ALDinHE Regional Symposium, De Montfort University, Wednesday 13th February

Sunny Dhillon (Learning Advisor)

Following an informal meet at last year’s ALDinHE Annual Conference at the University of Leicester, a few of us (Jason Eyre and Tracy Slawson [De Montfort University], Steve Rooney [University of Leicester]) bonded over a shared interest in theory. In particular, we noted how it frames and intersperses our practices as learning developers. We also surmised that amongst the Learning Development in Higher Education community at large, there were perhaps a relatively small percentage of theory ‘enthusiasts’, who were forever dropping in terms such as ‘neoliberalism’ and ‘post-structuralism’ into conversations over tea, as though they were receiving royalties by employing them as much as possible (guilty as charged!), a larger number who were curious about theory, but maybe sometimes a little intimidated by the inevitable jargon, and also some who were pretty averse to theoretically laden discussions, seeing them as anathema to undertaking wholesome, student-centred LD practices.

Whether the above was a fair reflection of the LD demographic is up for debate, of course – It really was more of a hunch than anything. What didn’t seem debatable to us, however, was the need for a symposium to further explore how theory informs LD. The event we hosted thereby sought to provide a space in which to explore how critical theoretical perspectives help us to challenge and reflect on our practices, assumptions, professional identities, and positioning within contemporary higher education.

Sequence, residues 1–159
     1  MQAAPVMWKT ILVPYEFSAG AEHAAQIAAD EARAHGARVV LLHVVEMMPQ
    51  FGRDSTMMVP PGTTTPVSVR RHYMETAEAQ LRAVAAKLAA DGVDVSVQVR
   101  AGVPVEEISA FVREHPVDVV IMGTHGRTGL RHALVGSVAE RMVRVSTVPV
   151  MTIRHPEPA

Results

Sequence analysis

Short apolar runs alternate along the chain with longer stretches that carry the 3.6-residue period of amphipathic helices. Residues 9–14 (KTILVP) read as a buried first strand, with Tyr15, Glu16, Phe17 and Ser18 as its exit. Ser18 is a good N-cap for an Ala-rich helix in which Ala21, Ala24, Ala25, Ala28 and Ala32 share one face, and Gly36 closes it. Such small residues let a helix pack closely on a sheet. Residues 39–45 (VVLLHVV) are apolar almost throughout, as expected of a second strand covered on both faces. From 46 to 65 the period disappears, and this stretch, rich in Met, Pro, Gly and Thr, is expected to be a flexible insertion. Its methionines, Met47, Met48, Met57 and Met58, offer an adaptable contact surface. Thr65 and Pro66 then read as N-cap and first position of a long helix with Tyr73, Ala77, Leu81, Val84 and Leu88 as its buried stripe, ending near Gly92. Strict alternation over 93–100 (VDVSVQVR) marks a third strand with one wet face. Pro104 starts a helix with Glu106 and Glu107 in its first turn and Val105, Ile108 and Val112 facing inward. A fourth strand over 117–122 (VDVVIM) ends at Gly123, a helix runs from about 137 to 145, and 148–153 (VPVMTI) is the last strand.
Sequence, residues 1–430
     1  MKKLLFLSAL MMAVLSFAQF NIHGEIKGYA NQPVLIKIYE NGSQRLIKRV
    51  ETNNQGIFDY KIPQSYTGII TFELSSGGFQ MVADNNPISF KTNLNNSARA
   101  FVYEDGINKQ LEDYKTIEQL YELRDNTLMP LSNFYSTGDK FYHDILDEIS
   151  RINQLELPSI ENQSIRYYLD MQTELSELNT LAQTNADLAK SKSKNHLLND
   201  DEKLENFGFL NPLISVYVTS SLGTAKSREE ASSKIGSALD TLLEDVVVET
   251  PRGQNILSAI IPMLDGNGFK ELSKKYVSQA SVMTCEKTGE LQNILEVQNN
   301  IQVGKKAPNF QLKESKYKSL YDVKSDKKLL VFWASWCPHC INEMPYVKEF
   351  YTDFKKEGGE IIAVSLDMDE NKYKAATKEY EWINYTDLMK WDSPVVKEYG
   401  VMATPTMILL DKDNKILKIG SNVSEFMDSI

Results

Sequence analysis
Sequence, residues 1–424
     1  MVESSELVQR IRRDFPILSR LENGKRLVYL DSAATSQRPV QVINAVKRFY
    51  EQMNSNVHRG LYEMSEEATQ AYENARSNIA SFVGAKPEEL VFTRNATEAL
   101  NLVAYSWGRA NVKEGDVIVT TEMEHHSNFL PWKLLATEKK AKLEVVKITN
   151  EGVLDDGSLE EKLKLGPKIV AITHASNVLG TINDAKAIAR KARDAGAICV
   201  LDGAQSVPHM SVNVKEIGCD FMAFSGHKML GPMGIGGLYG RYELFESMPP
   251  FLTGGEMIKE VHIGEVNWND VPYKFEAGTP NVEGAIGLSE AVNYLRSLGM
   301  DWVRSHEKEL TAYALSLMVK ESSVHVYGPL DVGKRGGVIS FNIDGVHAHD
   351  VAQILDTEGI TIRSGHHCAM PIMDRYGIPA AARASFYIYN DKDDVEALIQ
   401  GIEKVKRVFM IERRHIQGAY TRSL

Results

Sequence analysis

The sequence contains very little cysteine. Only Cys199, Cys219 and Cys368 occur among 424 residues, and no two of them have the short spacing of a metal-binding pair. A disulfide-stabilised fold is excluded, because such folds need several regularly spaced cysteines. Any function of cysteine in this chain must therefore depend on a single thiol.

We were very fortunate to receive a keynote from Dr Emily Danvers (University of Sussex), whose presentation drew upon contemporary feminist, queer and post-structural theory in order to interrogate and re-think how student criticality tends to be framed and conceptualised in the academy. As well as discussing her work in this area, Emily also talked about her experiences of working with theory, sharing some seminal papers in the process (please see below).

The rest of the event provided participants with opportunities to critically explore their own encounters with/questions about/problems with/hostility towards theory, and its role in stimulating critique. The event was attended by 21 colleagues, predominantly from HEIs in the Midlands. There was much lively debate, and many participants repeatedly noted how discussion of theory in day-to-day practices are relegated to the status of mere luxury, which impede ‘getting on with the job’ of a learning developer/advisor.

There were many action points taken from the day, the majority of which will be outlined within a ‘Theory in the Practice of LD’ website:

If you’d like to find out more, please do visit the site!

Further reading:

  • Danvers, E.Who is the critical thinker in higher education? A feminist re-thinking.Teaching in Higher Education, 23(5), 548-562. doi: 10.1080/13562517.2018.1454419
  • Jackson, A. Y., & Mazzei, L. A. 2013. Plugging one text into another: Thinking with theory in qualitative research. Qualitative Inquiry, 19(4), 261-271. doi: 10.1177/1077800412471510
  • MacLure, M. 2010. The Offence of Theory. Journal of Education Policy, 25(2), 277-286. doi: 10.1080/02680930903462316